I’m 3 months into building a brand new audience (secret project).
This is helping me relate better to those of you in the same situation.
If you missed my previous posts in this series:
Month 1 -- A Few Lessons In Growing A New Audience
Month 2 -- Overcoming Procrastination in My New Venture
In month 3, here is what I’m learning now:
1. Don’t worry about the offerings yet. Focus on audience building first.
I’m starting to dream about what I could offer my budding audience. It might be a membership program. Or a group coaching. Or a mastermind. Or 1-1 coaching. Or online courses. Or maybe create revenue with relevant sponsorships, thoughtful affiliate products and other authentic ads.
There are so many possibilities. This creates the problem of wanting to decide on the offering before I continue building my audience.
From experience, I know that it is a mistake.
It’s almost always right to build a real and engaged audience first, before deciding what to offer.
Of course I’m not talking about spending years before deciding, but at least get to a reasonable initial fanbase before needing to decide on what products/services to offer.
I define a "reasonable initial fanbase" as 1,000 warm Facebook fans, e.g. a threshold number of people to whom I can imagine selling something, that would make it financially worth the effort of trying to create an offering.
With a warm social media audience, I would conservatively expect 1-3% to say Yes to an offering that is a good fit for them.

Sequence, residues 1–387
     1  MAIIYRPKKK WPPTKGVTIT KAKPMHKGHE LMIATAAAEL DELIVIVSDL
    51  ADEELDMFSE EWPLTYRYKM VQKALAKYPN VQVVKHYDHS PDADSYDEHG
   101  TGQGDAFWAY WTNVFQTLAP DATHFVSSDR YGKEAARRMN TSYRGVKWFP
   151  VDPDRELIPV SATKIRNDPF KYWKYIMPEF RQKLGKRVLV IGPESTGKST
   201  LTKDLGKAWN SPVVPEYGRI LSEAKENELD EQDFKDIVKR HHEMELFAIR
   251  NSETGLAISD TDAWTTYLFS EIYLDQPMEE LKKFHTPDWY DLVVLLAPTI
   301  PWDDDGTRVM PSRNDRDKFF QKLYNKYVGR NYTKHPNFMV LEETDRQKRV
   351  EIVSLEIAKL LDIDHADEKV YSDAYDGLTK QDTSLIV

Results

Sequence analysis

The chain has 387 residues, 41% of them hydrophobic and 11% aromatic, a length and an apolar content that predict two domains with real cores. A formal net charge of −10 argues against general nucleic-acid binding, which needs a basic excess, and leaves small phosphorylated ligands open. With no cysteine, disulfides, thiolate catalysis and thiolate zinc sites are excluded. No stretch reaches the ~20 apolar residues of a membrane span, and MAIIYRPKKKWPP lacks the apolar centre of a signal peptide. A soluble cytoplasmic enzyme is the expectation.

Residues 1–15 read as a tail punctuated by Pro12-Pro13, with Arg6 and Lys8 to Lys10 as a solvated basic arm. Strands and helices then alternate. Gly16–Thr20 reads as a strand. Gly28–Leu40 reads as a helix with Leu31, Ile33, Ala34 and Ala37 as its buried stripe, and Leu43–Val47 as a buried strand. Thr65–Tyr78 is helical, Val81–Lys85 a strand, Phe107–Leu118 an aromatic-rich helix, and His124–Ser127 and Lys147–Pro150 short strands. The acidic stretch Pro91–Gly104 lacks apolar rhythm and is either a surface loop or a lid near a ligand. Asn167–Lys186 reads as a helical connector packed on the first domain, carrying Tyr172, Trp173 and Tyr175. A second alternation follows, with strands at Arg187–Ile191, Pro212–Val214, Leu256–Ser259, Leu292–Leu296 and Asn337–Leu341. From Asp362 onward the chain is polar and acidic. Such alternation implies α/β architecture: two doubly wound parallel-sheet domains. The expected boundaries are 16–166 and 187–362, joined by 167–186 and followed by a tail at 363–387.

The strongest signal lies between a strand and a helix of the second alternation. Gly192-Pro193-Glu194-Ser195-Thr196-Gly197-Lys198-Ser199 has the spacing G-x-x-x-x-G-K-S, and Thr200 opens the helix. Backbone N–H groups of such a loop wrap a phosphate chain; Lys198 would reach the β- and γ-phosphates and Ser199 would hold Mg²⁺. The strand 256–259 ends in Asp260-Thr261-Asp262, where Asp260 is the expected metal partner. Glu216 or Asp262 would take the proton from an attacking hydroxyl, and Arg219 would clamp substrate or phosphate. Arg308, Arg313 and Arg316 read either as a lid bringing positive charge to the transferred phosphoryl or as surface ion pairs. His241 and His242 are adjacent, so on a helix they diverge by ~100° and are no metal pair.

As I get closer to that threshold audience number, I will start to do audience research (conversations, surveys) to inform my choices of what to offer as a product or service, that they would likely love.
2. Find what you've written in the past.
If you are building an authentic business, it means you’ve already been thinking about the topic for years. It’s a passion of yours.
Maybe you've read many books, or at least a lot of articles and videos about it. Hopefully you’ve also helped others with that skill, as a friend or volunteer.
Whatever the topic is, chances are you already have notes, journal entries, documents, somewhere in your computer or closet, that can provide inspiration for your content now.
Those old notes were written at various stages of your development, and that fact can provide a lot of helpful guidance for your audience now, as they too are at various stages.
Take out those notes and see what still feels relevant or could be framed for today’s context, and create content from it.
3. Just write! Perfection is not allowed.
This has been a “muscle” I’ve been practicing in the past few years: the ability to look at a blank document, and just start to write whatever ideas are coming through.
Those ideas might or might not help you, dear reader, but I have practiced not judging my own work. I consistently practice ignoring the inner critic when he shows up, and I drown out his voice with my louder sounds of typing.
It also helps me to verbalize the ideas as I write. (If you were in the room right now, you’d wonder why I am whispering as I am typing!)
If you can't help but be perfectionistic, then realize this: whatever you write now is actually perfect as part of your stage of development now. And it will be perfectly helpful to the ideal reader that is perfectly matched to your stage of development now.